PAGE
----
Fertile Fats: Fats that Harm, Fats that Heal – Fats for Fertility
Why we need fats – Fats for Fertility:
Estrogen is stored in the fat cells, so healthy fats are essential for a healthy hormone profile. When I was growing up in the old country on the other side of the Atlantic, telling someone that they put on a little weight was a compliment. The cushion of fat was regarded as a protective mechanism against the harsh winter, and disease in general.
Aside from estrogen, dietary fats are a major component of the structure of our brains, bones, and muscles. Knowing the good from the bad and the downright ugly, can be the next giant step you take in the direction of your desire.
Yes, there are damaging fats, which contribute to indigestion and reduce your absorption of nutrients and minerals. Hydrogenated fats undergo high temperatures in the presence of nickel, aluminum and add hydrogen molecules to unsaturated fats, creating trans-fatty acids in the process. (Hyrdogenation transforms vegetable oils, which are liquid at room temperature into a hydrogenated version, margarine).
Trans fats are harmful because they have almost identical chemical structures as other unsaturated fatty acids, and will replace those fatty acids in our bodies without replacing their functions. Trans fats suppress our immune systems, and interfere with pregnancy, and regular hormone production, and have damaging effects on the liver.
-Margarine or any ‘buttery’ spread made from vegetable shortenings
-refined vegetable oils
-most processed, fried, or crispy snack foods, because they contain highly refined fats, and trans-fatty acids.
-commercial salad dressing- usually has refined vegetable oils
(see below for simple and fertile friendly salad dressing options)
Fertile Fats can be divided into saturated and unsaturated fats.
Saturated fats have historically gotten a bad rap, from large scale propaganda low-fat market advertising, that saturated fats are the true culprit in heart disease and cancer, but many studies have countered this argument, traditions of populations worldwide have consumed saturated fats for centuries, without risk of heart disease.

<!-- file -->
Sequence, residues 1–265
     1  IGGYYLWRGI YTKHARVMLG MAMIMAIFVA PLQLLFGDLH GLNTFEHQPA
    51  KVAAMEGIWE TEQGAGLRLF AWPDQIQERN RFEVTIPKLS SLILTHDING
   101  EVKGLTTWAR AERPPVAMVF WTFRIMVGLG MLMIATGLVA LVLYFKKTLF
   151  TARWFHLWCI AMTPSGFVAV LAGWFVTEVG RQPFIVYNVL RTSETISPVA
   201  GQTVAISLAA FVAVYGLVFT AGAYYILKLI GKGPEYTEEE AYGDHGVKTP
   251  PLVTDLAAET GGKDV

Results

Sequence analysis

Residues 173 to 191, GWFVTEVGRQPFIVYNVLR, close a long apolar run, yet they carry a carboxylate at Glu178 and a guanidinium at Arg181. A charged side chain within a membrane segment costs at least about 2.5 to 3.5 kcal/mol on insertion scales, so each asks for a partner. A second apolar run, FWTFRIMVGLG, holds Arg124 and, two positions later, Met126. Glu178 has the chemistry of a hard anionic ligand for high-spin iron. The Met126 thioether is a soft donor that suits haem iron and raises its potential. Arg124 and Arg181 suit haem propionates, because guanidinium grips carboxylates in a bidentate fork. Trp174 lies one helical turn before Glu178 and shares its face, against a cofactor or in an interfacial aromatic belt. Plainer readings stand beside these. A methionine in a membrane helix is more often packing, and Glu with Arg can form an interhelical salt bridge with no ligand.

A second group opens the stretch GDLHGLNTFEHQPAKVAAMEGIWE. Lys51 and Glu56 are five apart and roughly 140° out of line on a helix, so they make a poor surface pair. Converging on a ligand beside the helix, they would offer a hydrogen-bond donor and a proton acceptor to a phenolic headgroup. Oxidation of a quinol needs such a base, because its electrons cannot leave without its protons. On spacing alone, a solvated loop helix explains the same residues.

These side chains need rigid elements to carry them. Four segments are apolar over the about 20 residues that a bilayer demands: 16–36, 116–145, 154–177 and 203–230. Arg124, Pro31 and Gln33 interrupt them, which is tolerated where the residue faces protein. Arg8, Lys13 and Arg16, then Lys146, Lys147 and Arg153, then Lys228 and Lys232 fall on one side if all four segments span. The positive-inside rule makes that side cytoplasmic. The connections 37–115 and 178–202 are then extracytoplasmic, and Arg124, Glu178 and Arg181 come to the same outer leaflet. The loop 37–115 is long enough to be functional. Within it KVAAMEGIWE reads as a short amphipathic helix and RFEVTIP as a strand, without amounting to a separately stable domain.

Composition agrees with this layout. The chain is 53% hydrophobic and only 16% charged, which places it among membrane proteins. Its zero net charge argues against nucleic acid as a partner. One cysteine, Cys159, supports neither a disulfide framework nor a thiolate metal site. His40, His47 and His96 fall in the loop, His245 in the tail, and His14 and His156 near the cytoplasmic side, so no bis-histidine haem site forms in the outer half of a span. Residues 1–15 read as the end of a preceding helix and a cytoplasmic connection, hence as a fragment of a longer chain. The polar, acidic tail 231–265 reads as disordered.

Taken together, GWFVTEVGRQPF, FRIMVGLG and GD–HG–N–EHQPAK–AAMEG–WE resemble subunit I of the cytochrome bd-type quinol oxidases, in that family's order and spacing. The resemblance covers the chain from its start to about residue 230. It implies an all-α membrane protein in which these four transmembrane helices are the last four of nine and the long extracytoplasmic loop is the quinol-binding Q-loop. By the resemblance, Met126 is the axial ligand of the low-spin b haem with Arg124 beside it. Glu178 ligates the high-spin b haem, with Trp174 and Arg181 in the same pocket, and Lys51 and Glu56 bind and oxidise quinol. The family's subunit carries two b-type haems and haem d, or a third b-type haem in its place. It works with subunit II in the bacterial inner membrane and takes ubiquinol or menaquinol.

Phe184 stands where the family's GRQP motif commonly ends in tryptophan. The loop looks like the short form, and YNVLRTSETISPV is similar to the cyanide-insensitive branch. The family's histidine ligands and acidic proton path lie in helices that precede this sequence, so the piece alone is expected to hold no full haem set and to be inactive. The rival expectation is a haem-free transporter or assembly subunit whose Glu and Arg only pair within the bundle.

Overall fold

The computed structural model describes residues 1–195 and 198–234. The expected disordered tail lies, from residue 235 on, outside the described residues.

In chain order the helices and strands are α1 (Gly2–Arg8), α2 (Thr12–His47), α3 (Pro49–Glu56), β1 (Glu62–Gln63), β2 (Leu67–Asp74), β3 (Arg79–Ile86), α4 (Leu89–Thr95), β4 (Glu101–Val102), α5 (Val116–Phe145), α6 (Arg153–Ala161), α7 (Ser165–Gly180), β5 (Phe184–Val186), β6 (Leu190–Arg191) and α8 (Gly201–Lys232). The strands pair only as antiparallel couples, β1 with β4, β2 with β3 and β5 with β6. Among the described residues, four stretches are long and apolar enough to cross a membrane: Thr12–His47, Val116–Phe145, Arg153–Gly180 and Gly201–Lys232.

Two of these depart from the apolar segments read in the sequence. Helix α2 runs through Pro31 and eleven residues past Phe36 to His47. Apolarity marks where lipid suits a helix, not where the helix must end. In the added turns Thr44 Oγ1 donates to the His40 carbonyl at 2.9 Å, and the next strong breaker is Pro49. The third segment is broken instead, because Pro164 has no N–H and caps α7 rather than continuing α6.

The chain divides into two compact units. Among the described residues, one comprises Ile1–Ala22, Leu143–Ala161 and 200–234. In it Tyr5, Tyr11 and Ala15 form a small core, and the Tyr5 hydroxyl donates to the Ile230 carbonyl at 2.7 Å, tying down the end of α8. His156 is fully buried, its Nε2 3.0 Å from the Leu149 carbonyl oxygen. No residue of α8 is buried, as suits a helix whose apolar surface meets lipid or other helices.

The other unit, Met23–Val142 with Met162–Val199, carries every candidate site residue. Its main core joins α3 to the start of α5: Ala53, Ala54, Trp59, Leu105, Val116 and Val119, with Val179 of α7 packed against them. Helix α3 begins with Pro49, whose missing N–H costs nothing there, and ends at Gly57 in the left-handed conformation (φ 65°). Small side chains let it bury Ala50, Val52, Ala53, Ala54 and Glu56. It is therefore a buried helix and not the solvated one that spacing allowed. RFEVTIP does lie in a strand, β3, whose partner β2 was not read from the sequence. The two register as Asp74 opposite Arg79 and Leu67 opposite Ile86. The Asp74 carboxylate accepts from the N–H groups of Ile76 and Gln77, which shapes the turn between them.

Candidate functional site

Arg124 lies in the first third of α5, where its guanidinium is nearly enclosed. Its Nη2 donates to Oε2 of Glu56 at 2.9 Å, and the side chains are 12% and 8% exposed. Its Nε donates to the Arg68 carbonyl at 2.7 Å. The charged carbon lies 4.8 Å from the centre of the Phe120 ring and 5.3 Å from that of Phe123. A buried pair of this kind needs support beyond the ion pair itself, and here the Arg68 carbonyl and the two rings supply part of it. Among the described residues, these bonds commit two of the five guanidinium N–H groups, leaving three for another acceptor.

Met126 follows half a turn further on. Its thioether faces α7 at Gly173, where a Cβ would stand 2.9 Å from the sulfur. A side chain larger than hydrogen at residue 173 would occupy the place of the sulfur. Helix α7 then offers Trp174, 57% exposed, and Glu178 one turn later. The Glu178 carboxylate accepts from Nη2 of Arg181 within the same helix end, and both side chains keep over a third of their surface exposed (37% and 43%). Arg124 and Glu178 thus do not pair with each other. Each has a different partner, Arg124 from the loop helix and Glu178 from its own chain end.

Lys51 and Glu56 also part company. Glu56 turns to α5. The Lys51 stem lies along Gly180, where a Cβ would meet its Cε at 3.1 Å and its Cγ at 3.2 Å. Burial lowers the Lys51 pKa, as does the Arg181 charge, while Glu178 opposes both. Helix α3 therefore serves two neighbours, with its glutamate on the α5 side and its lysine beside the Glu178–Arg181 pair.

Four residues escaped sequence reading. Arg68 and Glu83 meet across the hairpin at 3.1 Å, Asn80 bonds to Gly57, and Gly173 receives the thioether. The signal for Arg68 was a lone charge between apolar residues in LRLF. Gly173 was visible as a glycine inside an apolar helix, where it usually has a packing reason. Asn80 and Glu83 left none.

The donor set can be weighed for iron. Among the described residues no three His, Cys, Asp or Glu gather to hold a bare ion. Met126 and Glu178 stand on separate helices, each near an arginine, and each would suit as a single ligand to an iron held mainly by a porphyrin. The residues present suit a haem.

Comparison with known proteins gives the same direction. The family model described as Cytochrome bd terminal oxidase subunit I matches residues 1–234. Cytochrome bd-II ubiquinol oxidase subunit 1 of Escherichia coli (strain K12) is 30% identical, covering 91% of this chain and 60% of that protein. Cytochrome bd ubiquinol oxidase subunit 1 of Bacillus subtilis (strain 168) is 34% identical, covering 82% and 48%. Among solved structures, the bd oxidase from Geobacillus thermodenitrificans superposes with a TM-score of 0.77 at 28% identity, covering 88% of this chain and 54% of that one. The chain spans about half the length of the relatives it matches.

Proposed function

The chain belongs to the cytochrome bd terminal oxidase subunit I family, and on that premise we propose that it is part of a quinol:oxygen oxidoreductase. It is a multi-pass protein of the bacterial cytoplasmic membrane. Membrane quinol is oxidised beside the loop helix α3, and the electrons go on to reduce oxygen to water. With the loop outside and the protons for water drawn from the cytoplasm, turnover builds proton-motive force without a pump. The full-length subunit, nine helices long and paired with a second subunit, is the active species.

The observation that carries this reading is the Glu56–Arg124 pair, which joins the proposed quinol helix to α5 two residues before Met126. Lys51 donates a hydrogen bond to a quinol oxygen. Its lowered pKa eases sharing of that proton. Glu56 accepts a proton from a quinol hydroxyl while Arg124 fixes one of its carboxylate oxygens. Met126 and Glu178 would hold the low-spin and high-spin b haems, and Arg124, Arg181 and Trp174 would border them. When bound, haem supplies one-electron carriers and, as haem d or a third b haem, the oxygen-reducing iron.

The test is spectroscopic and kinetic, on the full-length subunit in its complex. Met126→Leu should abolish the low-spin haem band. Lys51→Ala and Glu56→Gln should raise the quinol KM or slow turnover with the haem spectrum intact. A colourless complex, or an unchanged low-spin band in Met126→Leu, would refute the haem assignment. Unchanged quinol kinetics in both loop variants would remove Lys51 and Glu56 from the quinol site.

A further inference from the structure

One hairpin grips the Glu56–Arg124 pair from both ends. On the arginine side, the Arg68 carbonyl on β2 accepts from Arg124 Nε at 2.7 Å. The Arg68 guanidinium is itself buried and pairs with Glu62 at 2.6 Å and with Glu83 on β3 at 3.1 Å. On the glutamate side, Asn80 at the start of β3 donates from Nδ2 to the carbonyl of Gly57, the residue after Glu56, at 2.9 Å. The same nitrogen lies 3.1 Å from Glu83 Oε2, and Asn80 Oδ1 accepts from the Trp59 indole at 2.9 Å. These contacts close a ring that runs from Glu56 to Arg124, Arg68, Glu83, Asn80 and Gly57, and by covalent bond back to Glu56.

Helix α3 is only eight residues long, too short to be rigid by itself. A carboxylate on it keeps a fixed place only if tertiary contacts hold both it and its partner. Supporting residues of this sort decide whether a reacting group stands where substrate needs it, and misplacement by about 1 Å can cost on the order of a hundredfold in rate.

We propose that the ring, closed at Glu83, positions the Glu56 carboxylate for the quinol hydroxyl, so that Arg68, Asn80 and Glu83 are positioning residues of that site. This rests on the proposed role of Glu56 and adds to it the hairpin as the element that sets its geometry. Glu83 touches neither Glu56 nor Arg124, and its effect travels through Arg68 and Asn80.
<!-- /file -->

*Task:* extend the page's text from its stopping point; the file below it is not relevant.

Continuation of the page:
Saturated fats protect and enhance the immune system
Saturated fats are the most stable fatty acids; the carbons in the fatty acid chains are all bonded to hydrogen atoms, which is why they are solid or semi-solid at room temperature.
Examples of fertility friendly saturated fats:
-Animal fats: Butter, Duck and goose fat, chicken fat, beef and mutton tallow, from free-range, pastured animals
Beef and mutton tallow is a good source of antimicrobial palmitoleic acid.
-Tropical oils: coconut oil- has antifungal and antimicrobial properties.
Unsaturated fats are categorized as monounsaturated fats, and polyunsaturated fats. Monounsaturated fats are ‘unsaturated’, because they contain one (mono) carbon to carbon double bond in the fatty acid carbon chain. They are less stable than saturated fats.
Polyunsaturated fats are the least stable of all fats, because they have more than one double bond in the carbon chain. This means that polyunsaturated fats are highly reactive, because of the multiple (poly) carbon double bonds, so they should not be cooked, or heated.
Omega-3s and omega-6s are examples of polyunsaturated fats. The human body cannot produce these fats, which is why they are an essential part of our diet.
Examples of fertility friendly foods containing monounsaturated Fats\
– extra virgin, cold pressed olive oil predominantly stable monounsaturated fat- oleic acid. – rich in antioxidants, – cloudy olive oil is a sign that it has not been filtered.
-avocado (fruit and oil)
– almonds, pecans, cashews (organic raw nuts, and nut butters)
Examples of fertility friendly foods containing polyunsaturated fats
-Omega-3 Fats naturally found in fish- fatty fish such as salmon, mackerel, sardines, anchovies, ….
-peanut oil- contains predominantly omega-6, and excessive amounts of omega-6 are thought to be responsible for degenerative diseases
Proper storage of fats
Oils become damaged if they are exposed to light, oxygen, and heat.
Keep in opaque containers in a cool, dark location, (a cupboard, or shelf) tightly sealed.
A Quick & Dirty Review
-integrate a variety of good quality saturated and unsaturated fats into your diet,
-STAY AWAY from highly processed, hydrogenated and refined fats
-Implement Proper storage techniques, to maintain freshness
-For cooking and heating- best to use more stable saturated fats- animal fats, or coconut oil, olive oil, and butter
-Olive oil, is the most stable vegetable fat, because of its high percentage of monounsaturated oleic acid.
-Always buy organic, cold-pressed, and unrefined oils
-Look into local choices! Look into Local sources of beef and mutton tallow- a chance to develop relationships with local, small farms, or Community Supported Agriculture (CSA) projects.
-Limit consumption of vegetable oils – safflower, corn, sunflower, soybean, cottonseed oils.- never eat after they have been heated.
Simple salad dressing:
Apple cider vinegar
Pinch of Salt
Pinch of Black pepper
Pour all ingredients in a clean glass jar- (mason jar, empty jam jars work, just make sure you have a tight fitting lid!)
Screw lid on jar, and shake to mix the dressing!